Nicoline van Harskamp ENGLISH FORECAST 19 September 2013

Actors in Nicoline van Harskamp's English Forecast performance, 19 September 2013
Courtesy the artist

How is English being used at present? How will this impact how we teach English, and what are the social and political implications of a language used by groups of people? These are just some of the questions prompted by Nicoline’s live online-only performance English Forecast. 

English may not be the world’s most widely spoken language but it is the most commonly used cross-border tongue, mirrored by the fact the performance was watched live, from over 60 different countries -from Spain and Russia, to Japan and Mauritius.

In Nicoline’s live performance, four actors explore the artistic use, phonetics and musicality of the English language. Several of you who do not speak English as a first language recorded your voice in English (earlier this summer at Tate Modern), and these recordings where used as study material for this performance. You were also invited to take part on the night by repeating the actor’s words, recording or photographing yourself, and sharing on Twitter, Vine or Instagram using #BMWTateLive. Did you do this at home? If you missed it, watch again and try it.

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BMW Tate Live: Performance Room - Nicoline van Harskamp

Here’s a few of your questions posed via Twitter, Facebook and Google+ in a live post-performance Q&A - hosted by curator Catherine Wood, who was joined by Nicoline, English Forecast actress Ariane Barnes and linguist Sonia Moran Panero:

Charlotte Chorley, Cambridge
Watching #BMWtatelive - it’s so interesting! Where will the English language go next?

Nicoline van Harskamp
There’s very different ideas about that. In the preparation for this work I spoke with many different people with many different opinions about this, there are as many opinions as there as people. A lot of the ideas are to do with ‘wishful thinking’, I think I gave a few examples of that.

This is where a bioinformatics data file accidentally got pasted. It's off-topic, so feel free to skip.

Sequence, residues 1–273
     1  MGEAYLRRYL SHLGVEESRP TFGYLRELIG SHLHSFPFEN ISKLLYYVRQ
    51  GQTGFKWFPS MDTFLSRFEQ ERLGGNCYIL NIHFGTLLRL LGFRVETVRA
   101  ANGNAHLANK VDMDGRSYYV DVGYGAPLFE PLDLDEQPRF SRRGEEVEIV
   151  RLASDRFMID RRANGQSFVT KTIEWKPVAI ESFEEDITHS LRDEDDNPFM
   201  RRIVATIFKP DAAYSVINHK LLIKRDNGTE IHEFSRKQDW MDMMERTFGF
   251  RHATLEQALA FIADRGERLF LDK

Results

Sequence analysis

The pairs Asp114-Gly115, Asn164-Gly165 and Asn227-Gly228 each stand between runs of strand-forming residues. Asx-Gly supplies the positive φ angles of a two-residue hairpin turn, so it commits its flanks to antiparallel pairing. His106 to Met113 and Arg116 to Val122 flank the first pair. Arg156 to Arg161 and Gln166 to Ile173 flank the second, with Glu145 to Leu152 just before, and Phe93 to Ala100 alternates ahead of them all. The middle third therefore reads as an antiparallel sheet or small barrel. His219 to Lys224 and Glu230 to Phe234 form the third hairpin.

Catherine Wood
In your research [Nicoline] you’ve been asking people to imagine [what the English language will be like in the future].

Nicoline van Harskamp
To imagine what English will be like in 50 years, then in 100 years on the basis of their own experience…But even so, the experts vary enormously in what they think will happen.

Live Q&A after the performance of English Forecast by Nicoline van Harskamp on 19 September 2013

Live Q&A after the performance of English Forecast by Nicoline van Harskamp on 19 September 2013

Lisa Poole, London
What are the actual accents of the actors? and do they specialise in doing accents?

Ariane Barnes
I get asked that question a lot, whether my native tongue is French or English, and I refuse to asnawer with one because the reality is, is that I was raised pretty much with bilingual speakers fromMauritius, so I learned French and English at the same time. I hear a lot of actors say either ‘you can’ or ‘you can’t’ do accents, but I think really that it’s about how to break them down. Some people do it very naturally with their ears, their natural ear, and some just learn where to put the stresses. But I think it’s tying it back to the question I thought was very interesting… For me it comes back to ‘what is English, that will is always be here’, sorry, in the future tense…but what will it actually become?

Nicoline van Harskamp
That’s also why it’s important to work on the sound of English. All of this work is based on spoken word, not on written language. So this is really what happened between people, every sentence has been spoken by somebody else that you’ve heard.

Sonia Moran Panero
I think it’s important to point out that nowadays English is so basic, and it’s assumed that many people need to have it, it seems to be ‘not enough’. So this idea of becoming a lingua of learning more and more languages is not only an option, but sometimes a requirement for many jobs.

Anna Fergusson, London
#BMWtateliveQ What about Esperanto?

Nicoline van Harskamp
I looked a little bit into invented languages, there’s a whole range of invented languages in the world, Esperanto is one of them and probably the most successful one. There’s been so many attempts to invent a language. Typically, it’s quite impossible to invent a language because it has to grow and develop and is irregular and whenever you try to invent one, it just won’t work. Esperanto is far the most successful one ever, but I think English is catching up, big time.

Sonia Moran Panero
I guess the idea behind Esperanto is that it’s supposedly a language doesn’t belong to anyone, any nation, and I guess that’s the idea to try to make it an international language. Really, we can also rethink English in these terms too…we can think about it without associating it only with the UK anymore. English is losing its territorial connotations and is becoming an option for all who use it.

Get your questions ready for the next BMW Tate Live: Performance Room by artist Ragnar Kjartansson on 24 October 2013 20.00 BST and follow #BMWTateLive and @Tate_Live for updates